Project Title

Internalizing Symptoms Associated with Emotional Abuse: An Examiniation of Religious Social Support as a Moderating Variable

Authors' Affiliations

Jessica Chambers and Dr. Diana Morelen, Department of Psychology, College of Arts and Sciences, East Tennessee State University, Johnson City, Tennessee

Location

Ballroom

Start Date

4-5-2018 8:00 AM

End Date

4-5-2018 12:00 PM

Poster Number

22

Name of Project's Faculty Sponsor

Diana Morelen

Faculty Sponsor's Department

Department of Psychology

Type

Poster: Competitive

Classification of First Author

Undergraduate Student

Project's Category

Social and Behavioral Sciences

Abstract Text

Emotional abuse in childhood is linked to an increased risk for internalizing symptoms such as depression and anxiety in adulthood. Religious social support offers a promising defense in maintaining mental well-being in the face of trauma. This study aims to investigate if religious social support in childhood will moderate the impact of negative outcomes associated with emotional abuse. Further, this study will examine whether and how gender and ethnicity impact this relationship. The sample includes undergraduate students attending East Tennessee State University (ETSU), located in the southeastern United States (n = 554, 61% female, 11% Black, M age = 20.38 SD = 4.69). Participants completed an online survey that asked about childhood experiences (e.g., emotional abuse, emotion socialization, religious social support) as well as current mental health (e.g., anxiety, depression). Data was analyzed using Statistical Software for the Social Sciences (SPSS). Bivariate relations were examined through Pearson’s correlations and moderated moderation was tested via the Hayes Process Macro (version 3.0, Model 3). Results indicated that religious social support from childhood was negatively related to depression (r = -.23, p = .00) and anxiety (r = -.24, p = 00) whereas negative religious experiences from childhood were positively related to depression (r = .35, p = .00) and anxiety (r = .32, p = .00). Harsh emotional parenting from childhood was positively related to depression (r = .56, p = .00) and anxiety (r = .24, p = .00) in adulthood. Results did not find support for moderated moderation for predicting depression F[1, 360] = .25; ; R2 < .001; p = .62) or anxiety F[1, 360] = .31; R2 < .001; p = .58). Chi-squared indicated no significant differences in the percentage of individuals who endorsed childhood emotional abuse due to ethnicity, gender, or the interaction of ethnicity and gender. There are limitations to retrospective report of experiences from childhood. Future research would benefit from longitudinal designs that follow children across time to better understand whether and how religious social support may be a buffer for emotional abuse experienced in childhood.

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Apr 5th, 8:00 AM Apr 5th, 12:00 PM

Internalizing Symptoms Associated with Emotional Abuse: An Examiniation of Religious Social Support as a Moderating Variable

Ballroom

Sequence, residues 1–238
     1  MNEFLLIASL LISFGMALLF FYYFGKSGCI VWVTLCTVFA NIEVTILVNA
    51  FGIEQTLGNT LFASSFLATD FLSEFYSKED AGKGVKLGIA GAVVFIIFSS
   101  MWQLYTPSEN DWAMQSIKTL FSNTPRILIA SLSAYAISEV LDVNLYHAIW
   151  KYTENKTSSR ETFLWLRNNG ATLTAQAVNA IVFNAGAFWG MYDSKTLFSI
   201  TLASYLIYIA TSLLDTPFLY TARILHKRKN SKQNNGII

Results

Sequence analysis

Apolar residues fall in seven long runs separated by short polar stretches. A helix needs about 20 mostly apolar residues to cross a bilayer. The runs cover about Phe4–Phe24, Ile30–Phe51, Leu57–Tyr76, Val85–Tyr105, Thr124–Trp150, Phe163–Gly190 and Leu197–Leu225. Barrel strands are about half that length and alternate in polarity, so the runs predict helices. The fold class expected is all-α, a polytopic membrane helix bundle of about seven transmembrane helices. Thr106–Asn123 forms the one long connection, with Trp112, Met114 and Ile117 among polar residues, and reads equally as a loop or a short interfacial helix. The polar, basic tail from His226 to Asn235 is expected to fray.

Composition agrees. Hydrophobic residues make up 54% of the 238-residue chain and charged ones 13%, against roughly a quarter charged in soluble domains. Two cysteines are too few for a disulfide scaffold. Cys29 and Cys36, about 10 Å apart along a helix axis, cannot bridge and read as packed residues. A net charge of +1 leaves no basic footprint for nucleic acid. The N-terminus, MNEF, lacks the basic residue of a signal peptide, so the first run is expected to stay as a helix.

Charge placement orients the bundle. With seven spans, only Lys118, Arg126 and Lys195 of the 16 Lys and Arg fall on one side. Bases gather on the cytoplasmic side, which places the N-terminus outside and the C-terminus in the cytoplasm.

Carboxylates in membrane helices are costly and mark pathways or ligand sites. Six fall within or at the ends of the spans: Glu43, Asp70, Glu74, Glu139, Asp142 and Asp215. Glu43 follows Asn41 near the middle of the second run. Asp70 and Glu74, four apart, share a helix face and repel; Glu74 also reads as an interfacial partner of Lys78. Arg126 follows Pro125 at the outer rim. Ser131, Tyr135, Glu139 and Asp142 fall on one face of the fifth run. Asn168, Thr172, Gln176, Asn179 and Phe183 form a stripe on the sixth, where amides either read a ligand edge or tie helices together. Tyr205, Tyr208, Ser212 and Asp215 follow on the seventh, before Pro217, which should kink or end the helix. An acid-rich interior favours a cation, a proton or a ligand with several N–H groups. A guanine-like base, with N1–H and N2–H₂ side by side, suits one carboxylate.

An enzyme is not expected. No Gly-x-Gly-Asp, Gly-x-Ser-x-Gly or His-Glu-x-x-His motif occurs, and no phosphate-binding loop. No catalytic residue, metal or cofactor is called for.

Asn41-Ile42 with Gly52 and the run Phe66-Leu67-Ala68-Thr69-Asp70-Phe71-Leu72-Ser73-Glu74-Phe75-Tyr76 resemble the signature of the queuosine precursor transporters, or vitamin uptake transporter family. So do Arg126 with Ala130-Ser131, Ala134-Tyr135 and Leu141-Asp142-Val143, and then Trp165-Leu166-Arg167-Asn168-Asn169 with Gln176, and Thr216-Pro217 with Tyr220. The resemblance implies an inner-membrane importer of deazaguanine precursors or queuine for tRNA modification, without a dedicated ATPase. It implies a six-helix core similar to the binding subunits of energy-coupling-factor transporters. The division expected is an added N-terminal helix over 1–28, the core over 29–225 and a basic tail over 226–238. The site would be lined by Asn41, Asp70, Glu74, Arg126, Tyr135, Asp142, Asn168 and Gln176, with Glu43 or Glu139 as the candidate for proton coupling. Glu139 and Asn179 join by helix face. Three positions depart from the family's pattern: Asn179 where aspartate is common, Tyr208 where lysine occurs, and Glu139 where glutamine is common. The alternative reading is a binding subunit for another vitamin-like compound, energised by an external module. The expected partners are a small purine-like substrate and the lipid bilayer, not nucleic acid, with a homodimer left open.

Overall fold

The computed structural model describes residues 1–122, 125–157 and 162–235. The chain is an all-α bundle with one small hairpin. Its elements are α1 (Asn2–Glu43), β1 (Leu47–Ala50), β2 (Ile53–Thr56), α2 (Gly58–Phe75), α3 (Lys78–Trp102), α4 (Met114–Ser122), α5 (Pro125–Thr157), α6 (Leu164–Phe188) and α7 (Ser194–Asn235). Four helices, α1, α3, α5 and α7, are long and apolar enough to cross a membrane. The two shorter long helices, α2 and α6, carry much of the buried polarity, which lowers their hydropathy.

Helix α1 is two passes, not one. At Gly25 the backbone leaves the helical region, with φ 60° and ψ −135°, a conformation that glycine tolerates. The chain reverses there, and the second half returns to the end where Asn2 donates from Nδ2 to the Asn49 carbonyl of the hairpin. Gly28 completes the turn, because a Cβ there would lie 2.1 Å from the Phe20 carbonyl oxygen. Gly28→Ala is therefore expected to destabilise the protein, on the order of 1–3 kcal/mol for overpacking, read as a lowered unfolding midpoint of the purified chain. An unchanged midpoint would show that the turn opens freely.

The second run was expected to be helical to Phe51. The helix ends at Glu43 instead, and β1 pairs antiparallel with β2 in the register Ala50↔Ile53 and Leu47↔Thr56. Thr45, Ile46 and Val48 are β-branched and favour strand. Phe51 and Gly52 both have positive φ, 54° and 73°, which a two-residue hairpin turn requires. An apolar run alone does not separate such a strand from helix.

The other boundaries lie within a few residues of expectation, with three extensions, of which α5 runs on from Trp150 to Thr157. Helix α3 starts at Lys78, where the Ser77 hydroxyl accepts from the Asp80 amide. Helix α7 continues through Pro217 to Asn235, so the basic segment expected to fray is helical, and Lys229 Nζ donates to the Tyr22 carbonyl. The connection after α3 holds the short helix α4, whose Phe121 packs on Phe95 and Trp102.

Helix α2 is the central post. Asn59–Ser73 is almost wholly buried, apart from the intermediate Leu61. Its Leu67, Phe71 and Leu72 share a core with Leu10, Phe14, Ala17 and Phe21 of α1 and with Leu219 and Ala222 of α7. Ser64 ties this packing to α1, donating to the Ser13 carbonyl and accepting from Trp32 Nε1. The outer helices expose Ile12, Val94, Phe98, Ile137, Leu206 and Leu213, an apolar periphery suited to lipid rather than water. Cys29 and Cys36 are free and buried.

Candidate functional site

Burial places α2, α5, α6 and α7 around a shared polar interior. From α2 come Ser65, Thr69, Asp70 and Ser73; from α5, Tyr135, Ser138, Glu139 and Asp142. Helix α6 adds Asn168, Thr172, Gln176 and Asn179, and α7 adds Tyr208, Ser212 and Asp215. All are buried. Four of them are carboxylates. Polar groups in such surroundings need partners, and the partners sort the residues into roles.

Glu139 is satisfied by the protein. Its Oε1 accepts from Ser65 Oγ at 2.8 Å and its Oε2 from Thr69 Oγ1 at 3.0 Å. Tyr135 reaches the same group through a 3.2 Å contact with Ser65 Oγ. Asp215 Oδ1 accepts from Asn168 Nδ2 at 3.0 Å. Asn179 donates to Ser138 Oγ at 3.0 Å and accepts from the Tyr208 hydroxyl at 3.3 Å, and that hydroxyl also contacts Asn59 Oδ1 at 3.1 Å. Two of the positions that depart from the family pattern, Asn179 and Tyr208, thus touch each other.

Emotional abuse in childhood is linked to an increased risk for internalizing symptoms such as depression and anxiety in adulthood. Religious social support offers a promising defense in maintaining mental well-being in the face of trauma. This study aims to investigate if religious social support in childhood will moderate the impact of negative outcomes associated with emotional abuse. Further, this study will examine whether and how gender and ethnicity impact this relationship. The sample includes undergraduate students attending East Tennessee State University (ETSU), located in the southeastern United States (n = 554, 61% female, 11% Black, M age = 20.38 SD = 4.69). Participants completed an online survey that asked about childhood experiences (e.g., emotional abuse, emotion socialization, religious social support) as well as current mental health (e.g., anxiety, depression). Data was analyzed using Statistical Software for the Social Sciences (SPSS). Bivariate relations were examined through Pearson’s correlations and moderated moderation was tested via the Hayes Process Macro (version 3.0, Model 3). Results indicated that religious social support from childhood was negatively related to depression (r = -.23, p = .00) and anxiety (r = -.24, p = 00) whereas negative religious experiences from childhood were positively related to depression (r = .35, p = .00) and anxiety (r = .32, p = .00). Harsh emotional parenting from childhood was positively related to depression (r = .56, p = .00) and anxiety (r = .24, p = .00) in adulthood. Results did not find support for moderated moderation for predicting depression F[1, 360] = .25; ; R2 < .001; p = .62) or anxiety F[1, 360] = .31; R2 < .001; p = .58). Chi-squared indicated no significant differences in the percentage of individuals who endorsed childhood emotional abuse due to ethnicity, gender, or the interaction of ethnicity and gender. There are limitations to retrospective report of experiences from childhood. Future research would benefit from longitudinal designs that follow children across time to better understand whether and how religious social support may be a buffer for emotional abuse experienced in childhood.